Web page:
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Good call. I guess we do share some of the same outlooks, and yeah I gotta give it up to consumer reports lol I do like your point regarding how the business handles the situation and what not. I guess we'll just have to see who's fault it is! Is there somethin you aint tell us here Sumo!
 

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Discussion Starter · #11 ·
i did not mean for everyone to think i was downing bio reef.... from my experience i know that one drop of anothers water could carry enough stuffto bring ick to an ickfree tank and that if all your fish in your tank are healthy and happy ick will stay down till astressed fish catches it then there will be a chance of a breakout.... which is why i said the tang either caught or brought it with him.... and the tang is only 1"1/2 long so atm he is suitable for a 55...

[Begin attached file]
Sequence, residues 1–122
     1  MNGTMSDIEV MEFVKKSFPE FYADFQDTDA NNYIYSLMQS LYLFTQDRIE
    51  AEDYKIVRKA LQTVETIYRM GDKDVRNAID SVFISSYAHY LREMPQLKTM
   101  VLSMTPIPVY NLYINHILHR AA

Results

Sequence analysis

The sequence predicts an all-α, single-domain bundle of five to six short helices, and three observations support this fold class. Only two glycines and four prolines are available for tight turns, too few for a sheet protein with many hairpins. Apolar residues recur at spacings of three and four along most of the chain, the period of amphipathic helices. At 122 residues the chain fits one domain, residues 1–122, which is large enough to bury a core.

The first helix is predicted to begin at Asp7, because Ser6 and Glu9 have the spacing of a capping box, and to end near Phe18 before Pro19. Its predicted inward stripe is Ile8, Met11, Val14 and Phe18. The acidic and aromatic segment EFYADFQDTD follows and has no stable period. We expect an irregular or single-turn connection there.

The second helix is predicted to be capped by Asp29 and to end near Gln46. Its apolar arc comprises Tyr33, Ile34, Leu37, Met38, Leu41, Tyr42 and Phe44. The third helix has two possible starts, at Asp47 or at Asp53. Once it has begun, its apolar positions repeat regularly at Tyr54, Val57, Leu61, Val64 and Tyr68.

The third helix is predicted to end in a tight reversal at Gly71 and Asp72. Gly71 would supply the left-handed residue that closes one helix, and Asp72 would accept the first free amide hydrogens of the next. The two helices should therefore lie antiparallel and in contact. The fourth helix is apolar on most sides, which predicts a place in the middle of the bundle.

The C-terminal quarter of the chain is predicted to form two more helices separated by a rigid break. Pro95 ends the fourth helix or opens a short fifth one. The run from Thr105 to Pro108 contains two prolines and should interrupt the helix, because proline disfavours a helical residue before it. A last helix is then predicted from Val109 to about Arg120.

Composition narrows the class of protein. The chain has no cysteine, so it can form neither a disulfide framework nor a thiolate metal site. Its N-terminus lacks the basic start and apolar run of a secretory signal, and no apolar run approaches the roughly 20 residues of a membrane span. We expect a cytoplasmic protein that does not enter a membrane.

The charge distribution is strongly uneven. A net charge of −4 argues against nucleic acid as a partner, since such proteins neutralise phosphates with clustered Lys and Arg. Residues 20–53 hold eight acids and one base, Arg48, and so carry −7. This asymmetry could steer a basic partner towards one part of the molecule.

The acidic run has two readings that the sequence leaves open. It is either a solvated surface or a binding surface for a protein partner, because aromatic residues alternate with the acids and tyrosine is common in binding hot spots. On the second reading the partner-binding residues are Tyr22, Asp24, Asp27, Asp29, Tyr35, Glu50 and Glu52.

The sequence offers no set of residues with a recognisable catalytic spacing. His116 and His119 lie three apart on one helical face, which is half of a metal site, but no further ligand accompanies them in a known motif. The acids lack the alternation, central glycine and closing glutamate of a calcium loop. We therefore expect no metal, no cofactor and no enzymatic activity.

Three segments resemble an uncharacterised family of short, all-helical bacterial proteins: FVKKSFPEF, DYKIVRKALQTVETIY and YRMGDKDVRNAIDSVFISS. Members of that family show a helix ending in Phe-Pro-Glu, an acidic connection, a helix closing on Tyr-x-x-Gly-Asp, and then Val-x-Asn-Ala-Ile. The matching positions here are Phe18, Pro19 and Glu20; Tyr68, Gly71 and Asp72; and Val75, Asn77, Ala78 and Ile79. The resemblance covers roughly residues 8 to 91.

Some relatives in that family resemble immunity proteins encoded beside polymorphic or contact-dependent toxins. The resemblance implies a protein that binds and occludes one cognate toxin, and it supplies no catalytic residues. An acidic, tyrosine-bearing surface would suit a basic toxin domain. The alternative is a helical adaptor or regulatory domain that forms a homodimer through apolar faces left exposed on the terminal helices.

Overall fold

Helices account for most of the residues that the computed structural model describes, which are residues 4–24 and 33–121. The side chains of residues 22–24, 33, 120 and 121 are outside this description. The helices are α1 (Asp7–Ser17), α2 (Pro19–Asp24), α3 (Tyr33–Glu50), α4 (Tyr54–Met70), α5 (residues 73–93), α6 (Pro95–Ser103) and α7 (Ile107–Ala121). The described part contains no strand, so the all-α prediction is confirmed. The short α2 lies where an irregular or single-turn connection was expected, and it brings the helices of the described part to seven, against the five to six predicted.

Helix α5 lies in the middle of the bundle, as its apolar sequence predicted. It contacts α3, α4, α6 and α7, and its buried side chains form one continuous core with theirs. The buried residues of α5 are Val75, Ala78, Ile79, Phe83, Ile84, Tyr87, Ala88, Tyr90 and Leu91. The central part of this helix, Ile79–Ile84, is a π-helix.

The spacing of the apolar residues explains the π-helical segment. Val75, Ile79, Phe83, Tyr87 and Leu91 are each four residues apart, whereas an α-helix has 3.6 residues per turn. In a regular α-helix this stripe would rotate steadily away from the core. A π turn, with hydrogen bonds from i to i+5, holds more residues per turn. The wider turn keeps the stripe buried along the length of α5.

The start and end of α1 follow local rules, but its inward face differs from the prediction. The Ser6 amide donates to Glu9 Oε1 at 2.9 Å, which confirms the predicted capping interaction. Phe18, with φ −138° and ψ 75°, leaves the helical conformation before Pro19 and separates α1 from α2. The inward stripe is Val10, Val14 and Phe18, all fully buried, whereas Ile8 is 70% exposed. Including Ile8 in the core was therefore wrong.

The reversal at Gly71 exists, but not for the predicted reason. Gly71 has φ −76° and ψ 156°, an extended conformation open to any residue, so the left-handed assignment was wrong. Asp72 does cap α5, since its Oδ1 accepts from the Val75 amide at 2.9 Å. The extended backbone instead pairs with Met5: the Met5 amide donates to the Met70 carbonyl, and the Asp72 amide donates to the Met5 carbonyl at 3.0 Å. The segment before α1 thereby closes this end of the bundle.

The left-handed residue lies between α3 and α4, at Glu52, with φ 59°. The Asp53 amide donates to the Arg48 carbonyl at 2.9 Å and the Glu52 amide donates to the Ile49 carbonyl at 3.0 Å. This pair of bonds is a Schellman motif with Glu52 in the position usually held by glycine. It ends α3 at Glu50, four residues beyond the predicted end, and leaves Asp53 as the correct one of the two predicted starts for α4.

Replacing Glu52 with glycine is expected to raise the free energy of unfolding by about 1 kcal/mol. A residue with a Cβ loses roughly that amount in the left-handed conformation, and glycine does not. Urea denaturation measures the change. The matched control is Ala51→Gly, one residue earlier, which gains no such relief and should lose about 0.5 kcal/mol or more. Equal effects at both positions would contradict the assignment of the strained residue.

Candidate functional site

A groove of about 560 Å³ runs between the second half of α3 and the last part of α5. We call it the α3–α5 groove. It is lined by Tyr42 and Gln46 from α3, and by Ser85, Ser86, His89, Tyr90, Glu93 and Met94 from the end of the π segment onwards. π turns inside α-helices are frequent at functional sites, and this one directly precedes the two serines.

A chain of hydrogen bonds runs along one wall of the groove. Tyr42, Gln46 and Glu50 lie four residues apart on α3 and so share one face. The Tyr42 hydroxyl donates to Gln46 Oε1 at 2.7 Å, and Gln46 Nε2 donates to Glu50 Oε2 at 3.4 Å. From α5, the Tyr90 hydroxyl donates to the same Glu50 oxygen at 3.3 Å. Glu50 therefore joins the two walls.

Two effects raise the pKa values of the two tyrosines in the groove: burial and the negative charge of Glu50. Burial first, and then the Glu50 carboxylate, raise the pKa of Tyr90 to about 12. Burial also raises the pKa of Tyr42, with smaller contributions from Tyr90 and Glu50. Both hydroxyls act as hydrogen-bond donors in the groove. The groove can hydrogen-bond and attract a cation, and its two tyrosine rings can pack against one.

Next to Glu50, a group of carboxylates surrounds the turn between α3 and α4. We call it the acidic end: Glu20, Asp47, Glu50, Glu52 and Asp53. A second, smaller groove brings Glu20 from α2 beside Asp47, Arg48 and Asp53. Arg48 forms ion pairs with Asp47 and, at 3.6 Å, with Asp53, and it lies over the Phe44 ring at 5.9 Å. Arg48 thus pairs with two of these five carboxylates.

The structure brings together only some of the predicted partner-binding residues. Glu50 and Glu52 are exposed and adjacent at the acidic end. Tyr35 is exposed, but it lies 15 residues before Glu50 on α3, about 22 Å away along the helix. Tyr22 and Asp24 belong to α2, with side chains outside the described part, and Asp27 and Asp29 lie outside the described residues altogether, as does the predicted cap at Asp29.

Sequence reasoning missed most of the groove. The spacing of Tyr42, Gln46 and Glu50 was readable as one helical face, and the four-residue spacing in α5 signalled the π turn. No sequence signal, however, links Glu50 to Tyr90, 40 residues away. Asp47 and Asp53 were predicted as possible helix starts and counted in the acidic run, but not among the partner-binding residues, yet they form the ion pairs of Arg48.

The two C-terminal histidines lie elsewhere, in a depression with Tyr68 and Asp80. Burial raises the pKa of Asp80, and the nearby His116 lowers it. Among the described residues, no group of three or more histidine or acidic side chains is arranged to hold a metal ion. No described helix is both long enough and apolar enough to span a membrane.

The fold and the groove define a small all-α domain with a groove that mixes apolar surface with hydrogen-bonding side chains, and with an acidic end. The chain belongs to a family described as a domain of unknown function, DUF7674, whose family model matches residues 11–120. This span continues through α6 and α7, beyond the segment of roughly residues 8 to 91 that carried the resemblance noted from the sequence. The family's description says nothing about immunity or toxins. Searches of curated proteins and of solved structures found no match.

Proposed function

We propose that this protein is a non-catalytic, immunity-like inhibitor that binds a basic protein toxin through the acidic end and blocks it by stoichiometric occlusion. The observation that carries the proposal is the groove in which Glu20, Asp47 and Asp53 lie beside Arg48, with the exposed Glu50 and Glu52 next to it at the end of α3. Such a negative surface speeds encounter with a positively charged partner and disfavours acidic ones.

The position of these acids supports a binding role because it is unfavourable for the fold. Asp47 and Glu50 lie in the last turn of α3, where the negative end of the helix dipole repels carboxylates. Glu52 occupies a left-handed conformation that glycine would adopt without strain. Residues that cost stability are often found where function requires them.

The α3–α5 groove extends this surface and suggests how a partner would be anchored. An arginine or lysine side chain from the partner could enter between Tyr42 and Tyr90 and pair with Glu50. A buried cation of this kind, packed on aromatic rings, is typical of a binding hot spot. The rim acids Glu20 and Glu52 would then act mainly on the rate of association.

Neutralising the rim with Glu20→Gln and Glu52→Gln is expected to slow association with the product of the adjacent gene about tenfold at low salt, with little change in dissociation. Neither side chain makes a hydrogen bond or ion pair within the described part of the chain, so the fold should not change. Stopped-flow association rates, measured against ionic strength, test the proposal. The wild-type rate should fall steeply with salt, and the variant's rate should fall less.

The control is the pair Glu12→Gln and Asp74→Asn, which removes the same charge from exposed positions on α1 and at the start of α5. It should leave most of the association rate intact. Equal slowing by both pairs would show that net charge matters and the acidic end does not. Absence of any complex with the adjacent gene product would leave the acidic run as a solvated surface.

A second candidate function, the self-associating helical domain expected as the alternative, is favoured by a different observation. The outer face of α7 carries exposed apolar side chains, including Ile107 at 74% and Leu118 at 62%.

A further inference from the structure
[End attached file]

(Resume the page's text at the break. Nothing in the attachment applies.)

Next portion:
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It's not fair to those hobbyist whom aren't aware of the precautions that are needed for certain fish due to certain circumstances (No internet, books, outside sources).
It is absolutely ridiculous to take the responsibility of a purchase off of the hobbyist.
 

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Plus as you said tsouth, a store would have to quarentine the fish for over a month in order to be sure they were selling a fish that had no chance of carrying ich. How is a store supposed to make money like that without doubling the price of the fish? The hobbyist must take the responsibility for this one. Not to mention the advice about tearing down the reef in order to catch the fish in order to return it to the LFS is not advisable for a plethora of reasons.